Emily Thompson 32:59
let's do it. My favorite thing about this is just illustrating how required it is for you to give your body and mind time to recharge. It really looks at the effects on rest on your work, which is important. The thing I've explained this back to a couple people and thing that I always say is you hear about Malcolm Gladwell 10,000 hours to be an expert. And when things he talks about in this book is the thing he doesn't talk about is like the 12,500 hours of rest and the 30,000 hours of sleep that it takes for you to do those 10,000 hours of, of work to be an expert. And I think that that's such an important piece of the puzzle that's not given as much weight. I also, it made me look at how rest plays into work, like sleep does on your day. And that if you're not resting, but working, you can have like a rest deficit, like you owe yourself rest. And when you're not meeting, that quota of rest, that's when burnout happens. Like you can almost look at it as like math, we're like if you are working X number of hours, you have to be resting X or Y number of hours in order for you to make up the energy that you're expending on that work. And if you don't do that, your work will suffer and at some point you will burn out and then after burnout is like a nervous breakdown. And so that was really huge for me to give me that like, I just need math. Give me that that mindset shift around understanding that if I'm doing the work, I also have to rest so that I can show up and do the work tomorrow to

Kathleen Shannon 34:51
100% one of the takeaways I really love to hear about why rest is important is because it allows your subconscious to work on problems. So it's that thing where you think of an idea in the shower whenever you're not thinking about the problem. And but I really thought, you know, that phrase that life coaches love to use, which is to get out of your own way, get out of your own way. I don't know, I don't know what that means. But this book helped me figure out what that means in the terms of rest, like rest is a way to stop revving the engine or spinning your wheels, and to go for a walk. And it kind of gets your brain out of its own way where you're not thinking about the problem anymore, but your brain and it talks about this in the book from like a neuroscience standpoint, how your brain isn't done thinking about the problem, though, it's just allowing your subconscious to take over and solve the problem for you, which is probably why we're dreaming about spreadsheets at night.

Emily Thompson 35:49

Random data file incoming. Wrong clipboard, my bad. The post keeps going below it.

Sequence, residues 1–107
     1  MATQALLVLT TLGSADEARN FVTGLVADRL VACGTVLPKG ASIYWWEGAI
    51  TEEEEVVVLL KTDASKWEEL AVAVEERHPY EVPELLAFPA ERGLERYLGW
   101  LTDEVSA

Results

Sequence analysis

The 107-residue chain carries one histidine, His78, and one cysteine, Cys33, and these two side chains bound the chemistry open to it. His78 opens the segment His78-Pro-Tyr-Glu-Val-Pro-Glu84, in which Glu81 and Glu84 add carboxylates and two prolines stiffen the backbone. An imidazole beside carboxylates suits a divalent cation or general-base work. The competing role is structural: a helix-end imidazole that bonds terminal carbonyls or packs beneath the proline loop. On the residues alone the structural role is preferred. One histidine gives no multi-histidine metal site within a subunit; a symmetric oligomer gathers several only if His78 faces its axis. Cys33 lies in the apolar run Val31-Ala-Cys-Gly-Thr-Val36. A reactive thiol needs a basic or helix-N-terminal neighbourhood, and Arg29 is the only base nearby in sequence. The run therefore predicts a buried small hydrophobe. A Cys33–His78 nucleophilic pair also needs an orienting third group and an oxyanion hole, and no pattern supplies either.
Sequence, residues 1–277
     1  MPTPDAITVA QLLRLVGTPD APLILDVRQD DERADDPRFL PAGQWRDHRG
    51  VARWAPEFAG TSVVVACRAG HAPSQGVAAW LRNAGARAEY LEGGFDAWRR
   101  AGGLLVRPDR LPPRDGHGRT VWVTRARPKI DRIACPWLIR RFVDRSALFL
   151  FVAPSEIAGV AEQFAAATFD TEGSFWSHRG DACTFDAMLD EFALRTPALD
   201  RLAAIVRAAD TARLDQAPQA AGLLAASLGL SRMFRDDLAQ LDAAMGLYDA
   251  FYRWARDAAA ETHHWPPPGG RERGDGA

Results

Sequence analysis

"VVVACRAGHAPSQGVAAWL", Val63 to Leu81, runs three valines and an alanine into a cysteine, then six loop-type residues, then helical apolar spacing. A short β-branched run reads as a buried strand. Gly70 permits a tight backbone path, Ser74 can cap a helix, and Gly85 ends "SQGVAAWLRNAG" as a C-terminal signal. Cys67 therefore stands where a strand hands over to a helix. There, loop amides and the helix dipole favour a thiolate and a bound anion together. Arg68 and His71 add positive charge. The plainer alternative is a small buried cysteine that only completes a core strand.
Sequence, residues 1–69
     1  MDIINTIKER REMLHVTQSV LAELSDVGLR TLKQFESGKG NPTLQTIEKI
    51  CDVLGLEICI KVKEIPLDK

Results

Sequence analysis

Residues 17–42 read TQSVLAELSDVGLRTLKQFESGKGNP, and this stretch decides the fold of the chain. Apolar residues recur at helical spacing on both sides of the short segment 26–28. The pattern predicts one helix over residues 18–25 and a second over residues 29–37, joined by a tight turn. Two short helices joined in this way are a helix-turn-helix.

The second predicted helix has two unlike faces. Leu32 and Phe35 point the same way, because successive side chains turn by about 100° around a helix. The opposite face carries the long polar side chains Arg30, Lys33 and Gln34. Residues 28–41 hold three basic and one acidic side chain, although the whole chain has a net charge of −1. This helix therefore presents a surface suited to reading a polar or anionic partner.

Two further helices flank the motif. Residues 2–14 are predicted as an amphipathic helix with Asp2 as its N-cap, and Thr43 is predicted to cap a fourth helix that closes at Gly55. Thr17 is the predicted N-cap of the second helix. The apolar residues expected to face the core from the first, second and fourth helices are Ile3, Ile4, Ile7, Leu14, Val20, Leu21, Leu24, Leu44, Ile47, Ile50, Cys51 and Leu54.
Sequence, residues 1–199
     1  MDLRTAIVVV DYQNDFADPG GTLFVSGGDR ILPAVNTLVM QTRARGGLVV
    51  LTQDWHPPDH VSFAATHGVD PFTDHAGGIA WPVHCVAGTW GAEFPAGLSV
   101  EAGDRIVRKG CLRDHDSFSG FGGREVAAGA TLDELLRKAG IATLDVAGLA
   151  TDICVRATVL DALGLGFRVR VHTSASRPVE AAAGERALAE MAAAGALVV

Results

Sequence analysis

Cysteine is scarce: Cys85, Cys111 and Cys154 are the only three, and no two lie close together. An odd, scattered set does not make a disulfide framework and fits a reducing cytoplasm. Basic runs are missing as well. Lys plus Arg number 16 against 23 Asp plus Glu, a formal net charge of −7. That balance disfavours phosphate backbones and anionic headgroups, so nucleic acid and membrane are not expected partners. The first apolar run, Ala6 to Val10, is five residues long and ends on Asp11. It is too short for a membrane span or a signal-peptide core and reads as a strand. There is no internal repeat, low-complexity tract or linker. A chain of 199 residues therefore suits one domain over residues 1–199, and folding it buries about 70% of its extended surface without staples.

Yeah, for sure, have injected that into my subconscious. Right, I think one of my favorite things that I took away from this was the idea of deep play. Because I'm one of those people who has a hard time like, I have a really hard time vegging out in front of a television, I almost physically can't do it, like I have to, it has to be a special night. For me to be able to sit in front of a TV, I have to be somewhat busy. And I found that if I'm sitting in front of television with like, a crochet project in my hand, like because my hands are busy, I can, I can, I can sit there and watch television. And I always felt kind of guilty about that, because I felt like that wasn't really resting. But the things they present with this idea of deep play is that by you doing something else by you engaging in something else, the part of your brain that you were working can rest, so that the other part can go do the thing that you're doing. And that equates to the same thing. And another thing that it points out is that good deep play, the kind that's really rejuvenating and allows you to rest in that way, is also supposed to be something that you're great at, or that you become great at this idea of achieving mastery at this other thing. And so for me, it kind of gave me permission to crochet while I watch television because I can't sit there or, and I found this over my holiday break, especially where I didn't want to rest like in that way anymore. I wanted to go for hikes and do these things. So it really gave me a way of redefining what rest was. But really encouraging me also to think about the things that I love doing as rest. So like we were talking about earlier with this idea of cooking, cooking is one of those things that I love being in the kitchen. I love it when I'm making really great things. It's definitely something that I strive for mastery whenever I'm cooking, especially some of my favorite things to cook. And when I'm doing it well. It's definitely insanely energizing and feels like a form of rest to me. So I love that they presented this or I love that he presented this idea of deep play so that I could have permission to not vege out in front of the television. Basically, bosses a we know the struggles of shipping it can be complex. With the uncertainty over costs in deciding which carrier to use. Plus tracking your packages. Things at best can get confusing. But now there's a better way to ship send pro online by Pitney Bowes. With sin pro online it's easy to save time and money no matter what you send from letters and packages to overnights and flats and you'll always get the rate that's best for you. You can use send pro online to easily compare USPS and other shipping options. All in one online tool. You can use them to print shipping labels and stamps on your own printer and to track all of your packages and get email notifications when they've arrived. You send pro online for your business for only 1499 per month, and our listeners can get a free 30 day trial when you visit PB com slash being boss. You'll also receive a free 10 pound scale to help you weigh your packages and accurately calculate the cost of shipping. So you'll never overpay Get Your FREE scale and 30 day free trial now@pb.com slash being boss. Alright Emily,